What is a Policy Analyst?

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Often called researchers and scholars, policy analysts work to raise public awareness on social issues, such as crime prevention, access to healthcare and environmental protection. Whether they are advising a local politician or helping a nonprofit improve their services, policy analysts have the opportunity to change the world, however small or large the contribution may be.

The Role of a Policy Analyst

Policy analysts work on either broad or specialized issues, depending on their agency and position. They research complex problems and recommend solutions to government officials and the public.

A typical workday for this position is highly varied and can include office work, field work and frequent travel. According to the Bureau of Labor Statistics (BLS), the role can be broken down into four major activities:

  • Collecting and Compiling Information: Policy analysts gather information, especially statistical data, to help explore issues and explain the solutions they propose. Often, this data can identify hidden problems and highlight the effectiveness or ineffectiveness of proposed policies. Analysts gather data by conducting surveys, cost-benefit analyses and focus groups.
  • Analyzing Effects and Recommending Policies: They identify current or impending problems, and then create and evaluate solutions. Once a problem is recognized, they attempt to determine the cause or causes. They might propose changes to existing regulations as a result of what their research found.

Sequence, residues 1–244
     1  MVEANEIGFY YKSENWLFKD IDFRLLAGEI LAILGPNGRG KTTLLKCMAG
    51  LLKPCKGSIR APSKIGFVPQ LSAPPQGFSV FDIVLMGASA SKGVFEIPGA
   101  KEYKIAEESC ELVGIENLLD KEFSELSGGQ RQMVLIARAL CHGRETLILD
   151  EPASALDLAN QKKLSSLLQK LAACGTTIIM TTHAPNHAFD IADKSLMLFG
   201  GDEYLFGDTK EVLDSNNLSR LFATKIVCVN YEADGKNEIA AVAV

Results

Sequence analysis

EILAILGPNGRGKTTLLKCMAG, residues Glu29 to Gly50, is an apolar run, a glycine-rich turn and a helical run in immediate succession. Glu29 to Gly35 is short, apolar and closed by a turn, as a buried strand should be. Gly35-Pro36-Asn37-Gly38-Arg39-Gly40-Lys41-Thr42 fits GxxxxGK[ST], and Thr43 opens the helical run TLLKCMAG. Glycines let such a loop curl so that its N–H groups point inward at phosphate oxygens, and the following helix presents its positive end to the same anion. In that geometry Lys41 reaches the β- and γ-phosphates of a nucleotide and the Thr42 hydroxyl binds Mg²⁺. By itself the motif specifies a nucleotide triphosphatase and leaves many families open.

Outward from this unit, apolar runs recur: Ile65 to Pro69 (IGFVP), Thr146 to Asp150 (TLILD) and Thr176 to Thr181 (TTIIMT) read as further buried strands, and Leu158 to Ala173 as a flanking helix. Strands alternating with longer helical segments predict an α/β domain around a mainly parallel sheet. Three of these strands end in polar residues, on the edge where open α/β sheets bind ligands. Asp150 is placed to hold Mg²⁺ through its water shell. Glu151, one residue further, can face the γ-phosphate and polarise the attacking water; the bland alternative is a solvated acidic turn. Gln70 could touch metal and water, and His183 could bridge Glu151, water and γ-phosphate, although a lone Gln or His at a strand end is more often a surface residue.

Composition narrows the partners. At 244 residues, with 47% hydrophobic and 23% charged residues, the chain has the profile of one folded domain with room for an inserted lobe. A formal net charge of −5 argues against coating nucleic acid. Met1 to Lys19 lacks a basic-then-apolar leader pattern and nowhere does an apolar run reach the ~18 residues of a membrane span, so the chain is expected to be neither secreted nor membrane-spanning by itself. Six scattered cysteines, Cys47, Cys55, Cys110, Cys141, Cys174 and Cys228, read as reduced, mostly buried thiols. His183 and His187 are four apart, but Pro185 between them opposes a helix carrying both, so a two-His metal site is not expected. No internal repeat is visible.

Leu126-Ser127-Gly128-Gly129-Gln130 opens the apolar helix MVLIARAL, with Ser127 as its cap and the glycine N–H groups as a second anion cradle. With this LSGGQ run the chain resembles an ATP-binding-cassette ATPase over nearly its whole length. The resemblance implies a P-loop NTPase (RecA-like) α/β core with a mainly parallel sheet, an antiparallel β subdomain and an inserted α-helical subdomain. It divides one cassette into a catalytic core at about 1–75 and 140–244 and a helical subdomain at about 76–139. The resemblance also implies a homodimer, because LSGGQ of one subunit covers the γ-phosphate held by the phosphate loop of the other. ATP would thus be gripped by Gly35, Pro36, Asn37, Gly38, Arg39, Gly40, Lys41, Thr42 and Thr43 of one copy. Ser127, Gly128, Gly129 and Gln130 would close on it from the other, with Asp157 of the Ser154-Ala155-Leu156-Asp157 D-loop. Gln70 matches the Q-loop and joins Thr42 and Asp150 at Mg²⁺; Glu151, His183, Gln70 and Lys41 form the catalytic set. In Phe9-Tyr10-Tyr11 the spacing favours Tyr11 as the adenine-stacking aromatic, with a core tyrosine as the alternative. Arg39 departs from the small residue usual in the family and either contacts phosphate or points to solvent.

• Evaluating Outcomes: Policy isn’t automatically considered successful simply because it achieved its intended goal. Analysts identify any unintended consequences or costs, meaning it cost more than expected, or if its benefits outweighed expenses. The goal of evaluations is to improve, expand or even scrap a policy.
  • Sharing Information: Most policy analysts write papers, briefs and fact sheets, but some also write books, speeches for politicians and editorials in newspapers and magazines. They create electronic newsletters or blog posts, give oral presentations and appear on television. In all cases, analysts disperse what they’ve uncovered about an issue by providing facts, answers to common questions, graphs and information on relevant publications and sources.

Career Track and Salary

Policy analysts are employed in the public, private and nonprofit sectors. They can be employed by think tanks, such as the Earth Institute, special interest groups or research organizations. Highly trained and tenured individuals are often hired as consultants by federal agencies and corporations to support positions on healthcare, education, the environment and other contentious issues. Even some larger news organizations hire people with backgrounds in policy analysis to help do investigations and research.